Backseat
Grab Your Disequilibria and Buckle Up

One of the soundtrack pieces, “My Life Is A Freak Show,” could very well have been chosen to be the anthem for Backseat.

Josh Alexander, who wrote and stars in Backseat, intended to create a movie that would pay homage to the underserved demographic of Generation X—those born in the wake of the Baby Boomers who grew up in a time of drugs, divorce, and economic strain. Wikipedia calls these people an “unsung generation” and Alexander characterizes them as prone to “prolonged adolescence or late coming-of-age.” Josh Alexander is true to his definition of his purpose and does a fine job of drawing the film viewer into the world of Colton (Alexander) and Ben, played by Rob Bogue.

The two are best friends who decide to take a road trip to Montreal, Canada, for the purpose of meeting Donald Sutherland—who frequently dines at a restaurant where Ben’s cousin is maître d’. Colton idolizes Sutherland because as a young boy he adopted him as a father figure when his own father proved less than nurturing.

Aubrey Dollar as ShelleBen borrows a car from an uncle to make the trip possible and the boys are off, driving north from New York City in search of adventure along the way. Unbeknownst to Ben, Colton has brought along a half kilo of cocaine that he has promised to deliver for a friend of a friend of a friend. It soon becomes apparent that Ben and Colton have conflicting ideas on what this trip is about. Colton is looking to party hardy, finding female companionship wherever and however he can, and Ben is mourning the end of a relationship and wants time to think about where he is going in life. As their wills repeatedly clash and they then resolve their differences, a picture of deepest friendship is formed.

Backseat is truly an independent labor of love. It has taken Josh Alexander three years to come to this exclusive limited engagement screening with Landmark Theatres. The film is shot using a hand-held camera, which enhances the sense of disequilibria that both young men experience in their daily lives. The color is grainy and drab—almost black and white, which seems to echo the dullness and sense of futility permeating Colton’s and Ben’s lives. The boys literally live as they go without real purpose or goals—waiting to see what will appear around the next corner, and then dealing with it. The choppiness and purposely “poor” quality of the camera work apes the lives of the characters.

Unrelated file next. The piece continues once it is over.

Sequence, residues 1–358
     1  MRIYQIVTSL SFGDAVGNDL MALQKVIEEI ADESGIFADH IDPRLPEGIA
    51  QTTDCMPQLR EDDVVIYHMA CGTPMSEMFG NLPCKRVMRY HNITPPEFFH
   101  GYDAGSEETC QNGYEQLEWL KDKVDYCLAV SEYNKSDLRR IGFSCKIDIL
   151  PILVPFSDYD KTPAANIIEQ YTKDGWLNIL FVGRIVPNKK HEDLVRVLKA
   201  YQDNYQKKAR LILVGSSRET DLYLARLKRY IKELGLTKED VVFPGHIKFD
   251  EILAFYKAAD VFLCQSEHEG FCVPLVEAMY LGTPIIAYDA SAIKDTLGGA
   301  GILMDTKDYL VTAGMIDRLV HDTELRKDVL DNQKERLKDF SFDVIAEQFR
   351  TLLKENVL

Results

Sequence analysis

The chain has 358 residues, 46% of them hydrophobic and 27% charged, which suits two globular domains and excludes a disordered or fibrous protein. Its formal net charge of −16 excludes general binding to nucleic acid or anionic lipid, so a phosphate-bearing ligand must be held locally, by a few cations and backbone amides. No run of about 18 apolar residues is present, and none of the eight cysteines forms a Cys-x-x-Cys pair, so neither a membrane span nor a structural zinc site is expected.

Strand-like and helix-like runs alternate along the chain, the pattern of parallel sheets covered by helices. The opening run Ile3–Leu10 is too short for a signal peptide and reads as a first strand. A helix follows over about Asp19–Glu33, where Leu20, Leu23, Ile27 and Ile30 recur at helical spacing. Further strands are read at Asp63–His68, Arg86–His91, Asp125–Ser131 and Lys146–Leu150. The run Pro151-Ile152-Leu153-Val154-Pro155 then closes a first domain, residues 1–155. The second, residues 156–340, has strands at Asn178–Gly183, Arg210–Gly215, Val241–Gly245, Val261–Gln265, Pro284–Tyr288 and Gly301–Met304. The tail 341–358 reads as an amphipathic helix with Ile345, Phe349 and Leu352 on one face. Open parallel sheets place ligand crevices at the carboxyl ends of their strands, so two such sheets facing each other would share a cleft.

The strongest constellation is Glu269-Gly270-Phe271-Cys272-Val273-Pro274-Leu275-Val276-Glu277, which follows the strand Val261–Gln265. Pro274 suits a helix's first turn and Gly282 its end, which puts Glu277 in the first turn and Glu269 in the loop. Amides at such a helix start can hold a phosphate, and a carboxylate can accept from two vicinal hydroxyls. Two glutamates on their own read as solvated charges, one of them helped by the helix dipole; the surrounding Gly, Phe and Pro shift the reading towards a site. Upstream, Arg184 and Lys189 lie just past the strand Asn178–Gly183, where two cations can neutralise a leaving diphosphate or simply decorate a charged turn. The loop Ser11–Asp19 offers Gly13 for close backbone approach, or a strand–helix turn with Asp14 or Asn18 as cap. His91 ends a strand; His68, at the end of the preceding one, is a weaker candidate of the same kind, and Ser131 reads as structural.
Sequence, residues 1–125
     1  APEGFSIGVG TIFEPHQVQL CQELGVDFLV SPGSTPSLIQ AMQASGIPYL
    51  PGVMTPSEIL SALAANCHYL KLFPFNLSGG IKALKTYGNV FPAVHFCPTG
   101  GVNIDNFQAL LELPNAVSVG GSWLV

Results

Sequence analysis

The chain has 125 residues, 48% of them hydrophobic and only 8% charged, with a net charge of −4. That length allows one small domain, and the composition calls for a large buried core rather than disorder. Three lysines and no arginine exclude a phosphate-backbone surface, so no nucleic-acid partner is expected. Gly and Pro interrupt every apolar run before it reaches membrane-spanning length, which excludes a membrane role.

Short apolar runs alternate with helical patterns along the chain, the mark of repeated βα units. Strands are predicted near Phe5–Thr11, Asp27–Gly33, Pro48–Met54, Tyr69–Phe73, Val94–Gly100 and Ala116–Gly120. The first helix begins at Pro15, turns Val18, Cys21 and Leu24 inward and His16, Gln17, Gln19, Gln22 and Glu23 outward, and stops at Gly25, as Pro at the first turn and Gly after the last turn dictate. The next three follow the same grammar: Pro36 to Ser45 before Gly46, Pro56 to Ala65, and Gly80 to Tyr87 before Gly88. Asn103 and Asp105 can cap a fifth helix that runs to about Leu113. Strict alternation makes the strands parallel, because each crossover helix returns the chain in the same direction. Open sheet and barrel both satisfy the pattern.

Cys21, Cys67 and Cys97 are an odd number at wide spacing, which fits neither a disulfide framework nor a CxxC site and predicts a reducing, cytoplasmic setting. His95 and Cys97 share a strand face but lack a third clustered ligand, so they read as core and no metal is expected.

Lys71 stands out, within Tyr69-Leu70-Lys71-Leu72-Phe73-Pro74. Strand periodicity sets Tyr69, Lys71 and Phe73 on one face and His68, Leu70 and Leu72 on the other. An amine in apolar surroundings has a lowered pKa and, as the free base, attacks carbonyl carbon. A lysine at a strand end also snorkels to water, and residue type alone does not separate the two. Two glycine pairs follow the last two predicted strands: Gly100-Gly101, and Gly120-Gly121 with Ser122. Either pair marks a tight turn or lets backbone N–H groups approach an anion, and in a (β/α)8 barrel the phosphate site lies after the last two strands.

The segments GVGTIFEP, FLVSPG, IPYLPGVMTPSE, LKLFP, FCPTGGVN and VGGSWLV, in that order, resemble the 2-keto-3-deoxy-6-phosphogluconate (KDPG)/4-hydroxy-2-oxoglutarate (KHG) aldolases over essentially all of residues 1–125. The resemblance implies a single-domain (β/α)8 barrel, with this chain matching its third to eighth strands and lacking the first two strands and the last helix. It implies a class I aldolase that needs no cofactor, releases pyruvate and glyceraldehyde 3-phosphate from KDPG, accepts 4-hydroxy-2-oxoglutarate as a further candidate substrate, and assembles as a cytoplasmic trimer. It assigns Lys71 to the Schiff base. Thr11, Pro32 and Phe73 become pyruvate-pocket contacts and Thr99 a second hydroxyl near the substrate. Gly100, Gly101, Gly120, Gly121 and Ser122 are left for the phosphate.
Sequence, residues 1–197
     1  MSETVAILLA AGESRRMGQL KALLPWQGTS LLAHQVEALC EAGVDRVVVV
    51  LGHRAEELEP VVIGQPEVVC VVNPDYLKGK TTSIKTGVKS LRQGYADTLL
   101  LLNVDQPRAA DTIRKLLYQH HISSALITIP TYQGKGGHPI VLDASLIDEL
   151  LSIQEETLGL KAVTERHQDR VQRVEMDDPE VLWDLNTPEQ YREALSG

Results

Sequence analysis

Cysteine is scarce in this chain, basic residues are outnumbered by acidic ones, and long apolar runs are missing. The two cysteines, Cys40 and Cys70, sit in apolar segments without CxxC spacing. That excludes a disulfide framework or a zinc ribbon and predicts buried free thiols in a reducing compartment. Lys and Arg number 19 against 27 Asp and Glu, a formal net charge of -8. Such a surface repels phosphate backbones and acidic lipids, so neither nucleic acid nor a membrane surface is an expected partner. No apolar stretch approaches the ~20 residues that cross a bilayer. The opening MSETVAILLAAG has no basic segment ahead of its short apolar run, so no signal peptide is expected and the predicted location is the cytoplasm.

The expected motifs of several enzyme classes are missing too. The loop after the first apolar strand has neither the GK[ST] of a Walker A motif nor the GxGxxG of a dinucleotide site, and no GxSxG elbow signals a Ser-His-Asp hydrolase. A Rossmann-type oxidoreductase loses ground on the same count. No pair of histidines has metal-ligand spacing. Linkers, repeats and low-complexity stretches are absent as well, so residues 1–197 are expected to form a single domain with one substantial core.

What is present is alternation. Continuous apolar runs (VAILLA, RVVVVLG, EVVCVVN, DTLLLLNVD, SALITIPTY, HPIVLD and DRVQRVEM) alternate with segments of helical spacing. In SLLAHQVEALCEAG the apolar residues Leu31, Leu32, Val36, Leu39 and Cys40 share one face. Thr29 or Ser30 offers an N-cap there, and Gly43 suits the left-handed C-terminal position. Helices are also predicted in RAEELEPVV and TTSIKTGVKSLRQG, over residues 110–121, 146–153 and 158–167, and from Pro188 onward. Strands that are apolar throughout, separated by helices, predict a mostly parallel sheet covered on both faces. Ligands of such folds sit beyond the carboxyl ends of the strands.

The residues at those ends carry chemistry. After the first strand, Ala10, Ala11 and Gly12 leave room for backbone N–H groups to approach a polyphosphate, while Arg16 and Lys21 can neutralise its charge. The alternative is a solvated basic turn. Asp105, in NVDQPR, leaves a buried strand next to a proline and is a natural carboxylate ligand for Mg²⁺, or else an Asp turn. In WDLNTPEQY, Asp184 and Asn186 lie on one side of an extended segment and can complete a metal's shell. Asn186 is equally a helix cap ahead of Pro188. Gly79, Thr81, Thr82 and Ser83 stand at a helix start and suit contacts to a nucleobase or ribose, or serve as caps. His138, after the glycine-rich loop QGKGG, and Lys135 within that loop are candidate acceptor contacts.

Director Bruce Van Dusen has a keen eye for using backgrounds in the context of the action and dialogue encompassed by the camera lens. One great example of this is when Ben and his girlfriend, Shelle, are walking along a street arguing about how Ben is an existential dilettante who is not really eager to be different or even willing to take a stand independent from societal norms. Just as he is looking confused and Shelle is berating him, his head is haloed by a sign on the wall behind him that says “Thinking.” It’s perfect, because the audience is also thinking, “what is going on here?”

While touted as a comedy, Backseat is really an enigma. It seems rude and judgmental to laugh at people so flawed that they cannot even decide who they want to be at 32. I found myself unable to laugh at people who I am so culturally far away from even though I am as close as the generation just before theirs. I felt like a burst of laughter would be like throwing rocks at a disabled person.

The main theme of this film is that Colton and Ben have allowed themselves to take a backseat to life. They each represent what seem to be the two possible options for their generation—Colton’s live-laugh-love philosophy and Ben’s determination to find a use for the education that he has received but that has not provided an income or lifestyle within which he can find happiness.

Backseat is not a film that you love, or maybe even like. It is, however, a film that makes you think and stop to look outside of your own narrow universe.

The MPAA has not rated Backseat, but I would rate it R. The shooting style is definitely predominantly documentary in tone; there is a good deal of foul and sexual language, and lots of flesh is exposed.

Courtesy of a regional publicist, Kathy attended a press screening of Backseat.